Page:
Bike Sharing: As Convenient (and Frustrating) as Everything Else
On the eve of Citi Bike’s launch, here’s a great explanation of bike sharing from someone who’s seen it all before, David Alpert of Greater Greater Washington:
…bike sharing is not the same as bicycling. This is why a lot of people get confused about bikeshare if they aren’t familiar with it. Some New Yorkers expressed shock that a 4-hour ride would rack up $77 in late fees on their Citibike system. As those of us who’ve used bikeshare know, people don’t ride a bikeshare bike for 4 hours, or if they do, they just return it every half hour and reset the clock.
Bike sharing is, in many ways, more like transit: it transports you from fixed stations to other fixed stations. However, it’s also different from transit. Transit has more capacity at peak times when there are more vehicles. It costs money to run a vehicle, so you run it when there’s demand. Therefore, bus lines in particular are far more useful at times when there are a lot of buses. At some times of day, they don’t run at all.
Bike sharing is the opposite. It has a fixed capacity that fills up quickly, but is always available. Bike sharing is most useful off-peak, when the stations aren’t filling up or emptying out so fast. It’s always available at night.
One of the important things to remember is that Citi Bike will not be perfect. That will be especially true as people get used to the system… and as the system gets used to the people. But it will also be true many years from now.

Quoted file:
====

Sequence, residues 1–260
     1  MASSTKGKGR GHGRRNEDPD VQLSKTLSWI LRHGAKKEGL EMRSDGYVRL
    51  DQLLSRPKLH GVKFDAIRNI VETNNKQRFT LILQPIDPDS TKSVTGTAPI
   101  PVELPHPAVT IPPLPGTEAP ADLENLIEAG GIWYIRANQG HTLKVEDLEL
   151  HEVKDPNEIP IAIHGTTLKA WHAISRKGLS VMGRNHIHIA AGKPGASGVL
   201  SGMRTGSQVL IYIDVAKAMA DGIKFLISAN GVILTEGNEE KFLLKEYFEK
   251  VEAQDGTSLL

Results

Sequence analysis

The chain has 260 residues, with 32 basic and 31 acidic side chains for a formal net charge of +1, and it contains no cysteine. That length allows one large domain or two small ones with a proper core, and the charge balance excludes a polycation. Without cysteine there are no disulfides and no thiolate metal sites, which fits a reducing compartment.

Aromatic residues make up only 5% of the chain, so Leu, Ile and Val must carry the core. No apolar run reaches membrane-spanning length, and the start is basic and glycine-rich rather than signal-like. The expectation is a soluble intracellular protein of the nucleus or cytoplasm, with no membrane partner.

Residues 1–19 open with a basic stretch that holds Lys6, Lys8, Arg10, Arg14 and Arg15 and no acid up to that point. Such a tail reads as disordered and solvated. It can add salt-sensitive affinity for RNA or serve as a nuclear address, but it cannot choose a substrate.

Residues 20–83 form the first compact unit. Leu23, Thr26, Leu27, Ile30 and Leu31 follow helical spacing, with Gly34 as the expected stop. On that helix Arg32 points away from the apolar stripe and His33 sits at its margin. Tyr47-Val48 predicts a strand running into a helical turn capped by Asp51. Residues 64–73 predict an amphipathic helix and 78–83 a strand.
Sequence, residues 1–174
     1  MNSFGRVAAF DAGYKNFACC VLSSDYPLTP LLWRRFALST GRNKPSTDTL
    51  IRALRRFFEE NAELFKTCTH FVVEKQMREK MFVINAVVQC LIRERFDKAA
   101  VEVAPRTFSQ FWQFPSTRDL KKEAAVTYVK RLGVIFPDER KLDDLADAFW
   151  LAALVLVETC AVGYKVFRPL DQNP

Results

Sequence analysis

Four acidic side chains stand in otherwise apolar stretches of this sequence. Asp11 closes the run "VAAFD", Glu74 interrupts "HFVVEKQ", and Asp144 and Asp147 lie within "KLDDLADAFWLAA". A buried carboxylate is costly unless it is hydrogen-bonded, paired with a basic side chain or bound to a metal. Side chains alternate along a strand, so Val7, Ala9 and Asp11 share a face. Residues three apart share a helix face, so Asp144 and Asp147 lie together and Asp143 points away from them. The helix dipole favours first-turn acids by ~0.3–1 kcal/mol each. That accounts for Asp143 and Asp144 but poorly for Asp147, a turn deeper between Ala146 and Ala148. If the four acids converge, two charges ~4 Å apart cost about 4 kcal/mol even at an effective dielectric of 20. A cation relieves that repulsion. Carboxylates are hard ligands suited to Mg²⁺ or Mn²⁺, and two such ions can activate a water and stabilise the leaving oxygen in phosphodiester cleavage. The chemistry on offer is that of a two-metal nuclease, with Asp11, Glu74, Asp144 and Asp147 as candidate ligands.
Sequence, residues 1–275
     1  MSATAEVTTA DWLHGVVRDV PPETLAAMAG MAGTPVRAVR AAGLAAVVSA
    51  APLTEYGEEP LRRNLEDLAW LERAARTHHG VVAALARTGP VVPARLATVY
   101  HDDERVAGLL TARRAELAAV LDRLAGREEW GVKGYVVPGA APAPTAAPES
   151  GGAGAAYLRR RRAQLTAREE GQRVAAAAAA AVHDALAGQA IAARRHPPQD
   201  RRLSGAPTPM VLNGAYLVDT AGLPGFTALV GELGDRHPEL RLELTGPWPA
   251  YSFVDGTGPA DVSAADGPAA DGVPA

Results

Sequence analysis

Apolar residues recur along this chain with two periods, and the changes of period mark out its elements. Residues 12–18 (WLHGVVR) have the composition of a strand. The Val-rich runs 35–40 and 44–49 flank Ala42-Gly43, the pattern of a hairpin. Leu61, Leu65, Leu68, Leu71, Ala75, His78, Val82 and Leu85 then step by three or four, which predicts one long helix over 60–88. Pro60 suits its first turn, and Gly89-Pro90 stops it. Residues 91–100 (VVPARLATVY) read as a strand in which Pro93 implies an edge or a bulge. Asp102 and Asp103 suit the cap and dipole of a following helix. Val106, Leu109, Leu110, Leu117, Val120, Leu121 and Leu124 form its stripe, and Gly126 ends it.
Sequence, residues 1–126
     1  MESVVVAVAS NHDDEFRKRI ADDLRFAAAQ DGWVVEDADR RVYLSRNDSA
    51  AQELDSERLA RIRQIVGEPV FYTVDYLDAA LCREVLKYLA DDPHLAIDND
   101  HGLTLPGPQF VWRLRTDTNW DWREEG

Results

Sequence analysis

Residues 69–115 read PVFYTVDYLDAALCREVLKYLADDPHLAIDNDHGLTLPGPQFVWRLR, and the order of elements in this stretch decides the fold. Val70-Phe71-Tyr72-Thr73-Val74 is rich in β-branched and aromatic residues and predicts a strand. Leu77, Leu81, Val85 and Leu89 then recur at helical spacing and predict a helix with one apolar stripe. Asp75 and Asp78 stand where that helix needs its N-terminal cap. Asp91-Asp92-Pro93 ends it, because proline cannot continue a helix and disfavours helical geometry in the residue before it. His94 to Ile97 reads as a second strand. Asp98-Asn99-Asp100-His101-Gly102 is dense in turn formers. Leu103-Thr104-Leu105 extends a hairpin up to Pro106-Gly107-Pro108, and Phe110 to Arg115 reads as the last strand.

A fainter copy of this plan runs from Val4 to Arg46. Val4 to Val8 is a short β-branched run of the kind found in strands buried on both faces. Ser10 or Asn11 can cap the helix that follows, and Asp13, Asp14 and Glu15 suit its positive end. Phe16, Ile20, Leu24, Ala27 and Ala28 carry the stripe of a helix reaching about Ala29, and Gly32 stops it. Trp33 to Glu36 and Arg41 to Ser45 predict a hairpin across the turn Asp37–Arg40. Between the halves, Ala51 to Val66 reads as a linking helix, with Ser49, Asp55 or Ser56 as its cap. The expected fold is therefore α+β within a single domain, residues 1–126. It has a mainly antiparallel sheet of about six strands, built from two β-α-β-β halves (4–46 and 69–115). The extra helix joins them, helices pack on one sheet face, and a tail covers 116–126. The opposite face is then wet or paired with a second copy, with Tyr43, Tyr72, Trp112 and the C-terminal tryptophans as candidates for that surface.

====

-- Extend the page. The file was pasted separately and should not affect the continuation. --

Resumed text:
My wife, a bike share novice, recently asked me what happens if she tries to return a bike but finds that the station nearest her destination is full. After I explained how to request an extra 15 minutes from a kiosk in order to find another station with available docks, she responded by saying, “Yeah, but what if I really need to be somewhere?” She was needling me, of course, but I needled her right back. “If you really need to be somewhere on time, leave early!”
Subways get delayed, buses skip stops, and taxis get stuck in traffic. (Sometimes they crash.) While the problems some people will experience with Citi Bike may be unique to bicycle sharing–no one has to worry about finding an empty taxi dock, for example–they will not be unique to getting around. Real New Yorkers know how to roll with it when things don’t work out as planned. In fact, that’s one of bike sharing’s biggest benefits: when the bus is too slow, no taxi is available, and your subway line is suspended in both directions due to an “earlier incident,” the option of having all those blue bikes around will give you one more way to cope with life in the big city.
Enjoy your first week of riding, everyone! Welcome to the future.